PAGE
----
Scientific American  Math Science news and technology updates from Scientific American

Math, Quilting and Activism
by Evelyn Lamb on October 14, 2018 at 8:00 pm
Mathematician Chawne Kimber shares her favorite theorems and quilts that make a statement  Read more on ScientificAmerican.com […]

Learning on the Back of an Envelope
by Amanda Baker on October 14, 2018 at 3:00 pm
Simple calculations can help demystify anything from geologic time to family budgets  Read more on ScientificAmerican.com […]

The Unsolvable Problem
by Toby S. Cubitt on October 9, 2018 at 1:00 pm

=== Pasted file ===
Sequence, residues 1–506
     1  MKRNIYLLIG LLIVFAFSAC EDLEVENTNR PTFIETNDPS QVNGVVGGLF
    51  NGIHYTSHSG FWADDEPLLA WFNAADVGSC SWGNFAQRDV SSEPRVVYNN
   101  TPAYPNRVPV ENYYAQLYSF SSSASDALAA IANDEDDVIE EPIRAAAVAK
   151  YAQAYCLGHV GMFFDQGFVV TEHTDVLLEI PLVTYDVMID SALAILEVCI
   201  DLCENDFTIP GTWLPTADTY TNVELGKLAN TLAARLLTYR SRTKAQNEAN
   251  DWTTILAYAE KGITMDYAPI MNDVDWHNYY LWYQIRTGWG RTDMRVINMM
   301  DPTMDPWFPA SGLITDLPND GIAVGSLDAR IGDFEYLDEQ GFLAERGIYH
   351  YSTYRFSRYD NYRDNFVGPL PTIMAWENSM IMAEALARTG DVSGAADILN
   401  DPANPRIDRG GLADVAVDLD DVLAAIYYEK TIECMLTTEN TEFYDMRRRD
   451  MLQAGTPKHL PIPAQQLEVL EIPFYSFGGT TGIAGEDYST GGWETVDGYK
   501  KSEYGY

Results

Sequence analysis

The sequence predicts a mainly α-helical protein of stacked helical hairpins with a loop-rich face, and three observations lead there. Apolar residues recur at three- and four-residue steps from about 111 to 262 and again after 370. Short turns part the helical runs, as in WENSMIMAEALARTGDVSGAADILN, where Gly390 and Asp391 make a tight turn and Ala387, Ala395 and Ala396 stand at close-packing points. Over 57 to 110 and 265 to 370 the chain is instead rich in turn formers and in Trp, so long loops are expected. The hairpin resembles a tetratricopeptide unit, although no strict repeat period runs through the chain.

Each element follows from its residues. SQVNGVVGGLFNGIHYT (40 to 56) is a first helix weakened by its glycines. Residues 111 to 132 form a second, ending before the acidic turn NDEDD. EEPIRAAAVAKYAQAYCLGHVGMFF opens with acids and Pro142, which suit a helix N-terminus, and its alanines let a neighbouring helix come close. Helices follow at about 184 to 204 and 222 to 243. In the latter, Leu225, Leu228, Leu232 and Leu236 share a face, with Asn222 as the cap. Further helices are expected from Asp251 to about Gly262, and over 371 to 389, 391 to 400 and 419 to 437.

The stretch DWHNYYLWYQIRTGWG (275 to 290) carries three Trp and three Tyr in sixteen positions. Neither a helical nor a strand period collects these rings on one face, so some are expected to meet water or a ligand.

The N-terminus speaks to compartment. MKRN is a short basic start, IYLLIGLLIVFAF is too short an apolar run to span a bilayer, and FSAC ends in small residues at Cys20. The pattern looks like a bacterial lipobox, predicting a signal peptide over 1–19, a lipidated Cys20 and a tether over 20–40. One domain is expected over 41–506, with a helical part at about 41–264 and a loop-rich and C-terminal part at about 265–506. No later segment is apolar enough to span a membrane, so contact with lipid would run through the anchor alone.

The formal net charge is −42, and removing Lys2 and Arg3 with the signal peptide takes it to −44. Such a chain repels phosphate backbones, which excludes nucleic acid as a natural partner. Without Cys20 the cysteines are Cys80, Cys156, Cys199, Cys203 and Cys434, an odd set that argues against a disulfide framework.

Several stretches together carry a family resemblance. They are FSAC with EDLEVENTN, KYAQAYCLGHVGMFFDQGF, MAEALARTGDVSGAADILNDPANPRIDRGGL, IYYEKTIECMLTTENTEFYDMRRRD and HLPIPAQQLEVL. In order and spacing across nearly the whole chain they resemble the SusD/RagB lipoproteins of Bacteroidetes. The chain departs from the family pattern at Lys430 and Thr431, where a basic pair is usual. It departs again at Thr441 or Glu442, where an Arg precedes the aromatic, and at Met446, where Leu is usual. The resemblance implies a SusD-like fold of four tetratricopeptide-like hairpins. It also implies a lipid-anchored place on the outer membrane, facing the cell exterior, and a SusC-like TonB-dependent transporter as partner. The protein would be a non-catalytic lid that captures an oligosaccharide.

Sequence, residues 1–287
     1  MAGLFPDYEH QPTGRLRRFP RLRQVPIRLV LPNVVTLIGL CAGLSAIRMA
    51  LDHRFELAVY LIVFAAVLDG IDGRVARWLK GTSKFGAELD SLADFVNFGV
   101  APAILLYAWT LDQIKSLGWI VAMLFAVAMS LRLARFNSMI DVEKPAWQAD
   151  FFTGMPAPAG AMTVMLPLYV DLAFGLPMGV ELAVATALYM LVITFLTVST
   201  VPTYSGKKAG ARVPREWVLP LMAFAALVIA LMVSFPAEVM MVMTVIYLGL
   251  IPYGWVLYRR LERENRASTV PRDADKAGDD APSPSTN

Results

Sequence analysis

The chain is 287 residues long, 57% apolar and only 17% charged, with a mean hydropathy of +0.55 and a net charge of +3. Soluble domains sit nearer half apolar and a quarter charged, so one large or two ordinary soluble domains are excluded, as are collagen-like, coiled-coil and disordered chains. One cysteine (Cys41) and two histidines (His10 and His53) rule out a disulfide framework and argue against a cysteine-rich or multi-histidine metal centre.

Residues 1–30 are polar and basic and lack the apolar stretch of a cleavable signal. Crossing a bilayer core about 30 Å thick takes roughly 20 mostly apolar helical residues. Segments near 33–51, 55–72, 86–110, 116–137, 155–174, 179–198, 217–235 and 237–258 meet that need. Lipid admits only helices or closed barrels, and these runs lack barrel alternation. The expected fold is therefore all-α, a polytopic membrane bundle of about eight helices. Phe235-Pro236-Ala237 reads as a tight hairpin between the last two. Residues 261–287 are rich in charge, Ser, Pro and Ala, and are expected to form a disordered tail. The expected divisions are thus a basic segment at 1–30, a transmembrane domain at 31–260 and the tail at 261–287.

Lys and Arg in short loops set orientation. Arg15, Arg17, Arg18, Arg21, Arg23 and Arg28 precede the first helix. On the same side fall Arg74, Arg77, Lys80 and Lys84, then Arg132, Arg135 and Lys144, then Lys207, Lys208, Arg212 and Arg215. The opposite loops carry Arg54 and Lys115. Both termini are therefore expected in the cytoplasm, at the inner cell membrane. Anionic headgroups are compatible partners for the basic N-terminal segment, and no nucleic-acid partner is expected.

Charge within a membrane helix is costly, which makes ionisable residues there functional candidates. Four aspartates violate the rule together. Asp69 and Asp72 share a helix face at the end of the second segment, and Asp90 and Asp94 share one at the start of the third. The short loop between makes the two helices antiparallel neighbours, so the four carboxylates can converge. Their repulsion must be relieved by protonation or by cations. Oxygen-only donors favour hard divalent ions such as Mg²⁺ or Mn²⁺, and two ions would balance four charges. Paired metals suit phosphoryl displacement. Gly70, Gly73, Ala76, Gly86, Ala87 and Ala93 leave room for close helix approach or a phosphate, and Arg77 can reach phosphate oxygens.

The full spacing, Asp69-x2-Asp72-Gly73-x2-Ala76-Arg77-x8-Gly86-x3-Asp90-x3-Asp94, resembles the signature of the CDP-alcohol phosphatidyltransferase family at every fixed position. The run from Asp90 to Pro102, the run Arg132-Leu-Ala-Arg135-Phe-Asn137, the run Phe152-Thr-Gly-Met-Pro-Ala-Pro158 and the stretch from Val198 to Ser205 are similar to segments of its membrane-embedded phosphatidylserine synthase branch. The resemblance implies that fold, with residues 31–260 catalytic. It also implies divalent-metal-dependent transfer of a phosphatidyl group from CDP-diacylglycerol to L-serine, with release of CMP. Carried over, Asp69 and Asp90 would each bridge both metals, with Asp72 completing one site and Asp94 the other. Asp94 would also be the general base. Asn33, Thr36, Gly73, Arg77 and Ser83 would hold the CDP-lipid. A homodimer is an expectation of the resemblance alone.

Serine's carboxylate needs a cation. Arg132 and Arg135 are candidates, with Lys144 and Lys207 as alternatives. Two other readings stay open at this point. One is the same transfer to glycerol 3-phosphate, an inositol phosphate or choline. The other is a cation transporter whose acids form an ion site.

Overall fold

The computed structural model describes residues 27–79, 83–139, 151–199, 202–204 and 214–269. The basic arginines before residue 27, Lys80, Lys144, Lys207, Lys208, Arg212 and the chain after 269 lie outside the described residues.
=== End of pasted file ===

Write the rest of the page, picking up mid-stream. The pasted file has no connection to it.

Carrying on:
After a yearslong intellectual journey, three mathematicians have discovered that a problem of central importance in physics is impossible to solve—and that means other big questions may be...  Read more on ScientificAmerican.com […]

Proof of the Impossible? A Mathematical Journey
by Mariette DiChristina on October 9, 2018 at 10:30 am
 Read more on ScientificAmerican.com […]

Making Math Joyful
by Evelyn Lamb on September 29, 2018 at 1:00 pm
“Mathematicianatlarge” James Tanton shares playful mathematics and Sperner’s lemma  Read more on ScientificAmerican.com […]